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Town of McGehee, Arkansas Determined to Build Jerome/Rohwer Internment Museum

Photo: Deborah Horn
Jeff Owyang, co-chair of the WWII JA Internment Museum project, and McGehee Mayor Jack May at the Railroad Depot Museum.

Locals, including the small town’s mayor, have raised money for a museum to be built in honor of the former Japanese Americans incarcerated there during WWII.

By Christine McFadden, Correspondent
February 3, 2012

Mayor Jack May of McGehee, Arkansas has been working for years to construct a museum commemorating the Japanese American internees at the former Rohwer and Jerome World War II internment camps.

May is not JA, nor does he have relatives that were incarcerated. His connection goes back to his father who was a deputy sheriff and his uncle, a deputy security camp commander at Rohwer during WWII. Born in 1939, May recalls visiting his family working at Rohwer as a child.

“On Sunday afternoon, [I’d] go visit my aunt and uncle and cousin at this camp,” he said. May recalls the tarpaper buildings, the common cafeteria, and the muddy roads from a lack of gravel in the hastily constructed camps.

“We didn’t eat in the cafeteria with them [the JAs],” May recalled. “I think the families employed there had their own kitchens.”

When May was contacted two years ago by the Delta Cultural Center about a JA exhibit in storage looking for a permanent home, he agreed. The project to obtain funding and renovate an old train depot in McGehee began.

Located right between the two camps, the town of McGehee is the perfect place for a museum, geographically and historically.

“There’s a lot of people in our part of Southeast Arkansas that are very familiar with the two camps and have some connections with the people out there,” said May. “Even today in McGehee, Arkansas, I can show you buildings that were moved and are still being used.”

With enough grant money obtained, the WWII Japanese American Internment Museum project is currently aiming to open the physical museum by the end of 2012 with a dedication ceremony sometime in October. May is hoping that the museum will attract former internees and their families to visit.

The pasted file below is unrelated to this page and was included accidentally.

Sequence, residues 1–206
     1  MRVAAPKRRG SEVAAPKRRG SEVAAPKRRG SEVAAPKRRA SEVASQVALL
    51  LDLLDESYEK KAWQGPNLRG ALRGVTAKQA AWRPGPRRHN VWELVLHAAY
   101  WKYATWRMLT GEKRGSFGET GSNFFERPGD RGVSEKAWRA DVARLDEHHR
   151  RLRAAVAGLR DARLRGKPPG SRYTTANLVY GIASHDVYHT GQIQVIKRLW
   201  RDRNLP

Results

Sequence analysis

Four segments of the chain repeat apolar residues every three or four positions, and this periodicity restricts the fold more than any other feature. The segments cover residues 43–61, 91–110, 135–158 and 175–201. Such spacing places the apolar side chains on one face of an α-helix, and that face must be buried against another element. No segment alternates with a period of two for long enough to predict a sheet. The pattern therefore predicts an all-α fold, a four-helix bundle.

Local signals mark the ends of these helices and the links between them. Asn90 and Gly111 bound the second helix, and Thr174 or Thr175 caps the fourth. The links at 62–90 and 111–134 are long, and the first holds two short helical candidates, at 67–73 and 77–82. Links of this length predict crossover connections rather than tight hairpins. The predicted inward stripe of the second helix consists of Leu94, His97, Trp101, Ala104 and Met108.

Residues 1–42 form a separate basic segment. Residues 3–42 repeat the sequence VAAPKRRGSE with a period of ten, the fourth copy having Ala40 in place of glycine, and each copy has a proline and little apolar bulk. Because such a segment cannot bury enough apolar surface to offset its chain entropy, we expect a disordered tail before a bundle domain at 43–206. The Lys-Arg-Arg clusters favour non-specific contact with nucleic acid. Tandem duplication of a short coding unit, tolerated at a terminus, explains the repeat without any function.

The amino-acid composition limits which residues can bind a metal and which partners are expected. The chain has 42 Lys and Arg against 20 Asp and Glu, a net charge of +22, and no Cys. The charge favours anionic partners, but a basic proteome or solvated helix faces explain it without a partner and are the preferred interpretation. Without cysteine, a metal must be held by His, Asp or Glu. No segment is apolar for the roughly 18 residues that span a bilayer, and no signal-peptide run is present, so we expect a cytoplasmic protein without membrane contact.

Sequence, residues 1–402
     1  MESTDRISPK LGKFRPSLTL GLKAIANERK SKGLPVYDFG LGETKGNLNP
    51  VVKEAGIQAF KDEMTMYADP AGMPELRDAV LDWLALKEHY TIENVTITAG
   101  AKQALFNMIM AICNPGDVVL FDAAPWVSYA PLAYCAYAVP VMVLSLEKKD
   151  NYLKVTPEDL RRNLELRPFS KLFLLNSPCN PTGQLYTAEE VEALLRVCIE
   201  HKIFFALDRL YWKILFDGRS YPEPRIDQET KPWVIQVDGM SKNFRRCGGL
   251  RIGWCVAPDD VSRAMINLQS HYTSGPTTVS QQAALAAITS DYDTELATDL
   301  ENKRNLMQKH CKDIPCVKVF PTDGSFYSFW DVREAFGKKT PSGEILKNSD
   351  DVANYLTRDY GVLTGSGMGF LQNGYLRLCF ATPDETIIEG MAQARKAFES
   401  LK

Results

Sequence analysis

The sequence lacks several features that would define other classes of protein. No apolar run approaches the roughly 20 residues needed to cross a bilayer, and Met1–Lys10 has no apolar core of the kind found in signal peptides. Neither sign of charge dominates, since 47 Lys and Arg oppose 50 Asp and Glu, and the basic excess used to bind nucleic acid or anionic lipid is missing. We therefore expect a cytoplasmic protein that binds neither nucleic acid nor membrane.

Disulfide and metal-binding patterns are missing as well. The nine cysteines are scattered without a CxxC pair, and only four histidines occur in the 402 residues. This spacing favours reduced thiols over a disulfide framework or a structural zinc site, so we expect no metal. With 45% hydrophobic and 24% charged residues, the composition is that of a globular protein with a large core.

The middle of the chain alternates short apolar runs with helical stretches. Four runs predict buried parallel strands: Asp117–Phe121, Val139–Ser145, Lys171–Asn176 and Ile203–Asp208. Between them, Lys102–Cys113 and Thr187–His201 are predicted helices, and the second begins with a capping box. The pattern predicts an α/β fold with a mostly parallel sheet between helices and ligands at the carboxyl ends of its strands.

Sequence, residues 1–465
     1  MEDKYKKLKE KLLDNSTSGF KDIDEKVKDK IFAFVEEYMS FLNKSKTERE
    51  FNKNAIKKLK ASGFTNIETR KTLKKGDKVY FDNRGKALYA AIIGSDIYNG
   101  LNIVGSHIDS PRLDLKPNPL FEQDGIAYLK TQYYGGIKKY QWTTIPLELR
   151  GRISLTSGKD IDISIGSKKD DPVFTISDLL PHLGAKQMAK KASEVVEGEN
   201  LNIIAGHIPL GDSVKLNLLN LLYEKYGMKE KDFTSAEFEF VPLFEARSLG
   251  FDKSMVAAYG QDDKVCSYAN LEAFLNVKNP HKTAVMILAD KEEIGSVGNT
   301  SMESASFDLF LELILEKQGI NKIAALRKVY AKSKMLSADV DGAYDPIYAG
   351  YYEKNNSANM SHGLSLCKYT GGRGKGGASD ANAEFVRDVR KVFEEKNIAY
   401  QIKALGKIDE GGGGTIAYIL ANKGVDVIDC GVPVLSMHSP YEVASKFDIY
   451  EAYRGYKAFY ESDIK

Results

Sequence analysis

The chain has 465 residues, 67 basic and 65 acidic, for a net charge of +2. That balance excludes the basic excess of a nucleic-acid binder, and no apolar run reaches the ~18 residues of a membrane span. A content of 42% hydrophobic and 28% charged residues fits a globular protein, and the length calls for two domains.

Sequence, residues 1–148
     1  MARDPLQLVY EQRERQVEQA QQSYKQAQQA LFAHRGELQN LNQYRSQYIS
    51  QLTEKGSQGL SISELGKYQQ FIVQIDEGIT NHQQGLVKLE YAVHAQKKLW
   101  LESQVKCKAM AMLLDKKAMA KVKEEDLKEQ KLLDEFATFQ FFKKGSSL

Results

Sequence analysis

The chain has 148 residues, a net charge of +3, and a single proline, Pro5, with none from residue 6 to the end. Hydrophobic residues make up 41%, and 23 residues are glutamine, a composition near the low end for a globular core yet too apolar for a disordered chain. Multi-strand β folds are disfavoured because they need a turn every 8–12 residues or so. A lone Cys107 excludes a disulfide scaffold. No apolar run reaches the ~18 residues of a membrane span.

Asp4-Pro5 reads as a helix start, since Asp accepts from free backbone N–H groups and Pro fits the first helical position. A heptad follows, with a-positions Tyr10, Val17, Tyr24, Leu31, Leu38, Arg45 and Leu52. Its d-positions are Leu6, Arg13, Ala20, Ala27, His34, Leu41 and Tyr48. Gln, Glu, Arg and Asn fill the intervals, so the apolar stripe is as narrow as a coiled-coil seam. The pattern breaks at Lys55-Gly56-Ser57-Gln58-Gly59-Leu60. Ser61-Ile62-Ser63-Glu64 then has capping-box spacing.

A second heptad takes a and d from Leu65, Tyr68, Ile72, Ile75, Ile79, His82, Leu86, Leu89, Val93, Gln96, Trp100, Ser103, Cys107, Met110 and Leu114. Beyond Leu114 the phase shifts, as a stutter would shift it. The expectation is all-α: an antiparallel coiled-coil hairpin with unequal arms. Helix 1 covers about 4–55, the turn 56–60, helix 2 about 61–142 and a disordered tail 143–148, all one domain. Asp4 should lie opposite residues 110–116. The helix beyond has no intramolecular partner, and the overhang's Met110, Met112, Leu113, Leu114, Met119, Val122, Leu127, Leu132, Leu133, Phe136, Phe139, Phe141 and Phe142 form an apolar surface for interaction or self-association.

“I was out there during the war as a small child,” he said. “These are the only two permanent camps east of Colorado.”

Building a Dream in McGehee

The previous exhibit, “Life Interrupted: The Japanese American Experience in World War II Arkansas,” was constructed by the Japanese American National Museum in Los Angeles and the University of Arkansas, Little Rock.

To bring it out of storage, the museum project and Mayor May have obtained $767,000 in grants from the National Park Foundation, the Arkansas Highway Department, the Arkansas Economic Development Commission, as well as local donations. 

The team is currently waiting approval from the Arkansas Highway Department to get started, said

Jeff Owyoung, co-chair of the WWII JA Internment Museum project.

“After that we will start taking bids on the project,” he said. Owyoung, of Chinese descent, was named co-chair of the museum project along with Melissa Gober after they were named McGehee Chamber of Commerce Man & Woman of the Year.  

He is hoping that the museum can one day display on loan a collection donated to the Butler Center for Arkansas Studies in Little Rock by former McGehee Mayor Rosalie Gould.

The collection features former artwork, letters, and other valuables from the camp. When art teacher Jamie Vogel, who taught in Rohwer, passed away in 1982, she willed her collection to Gould.


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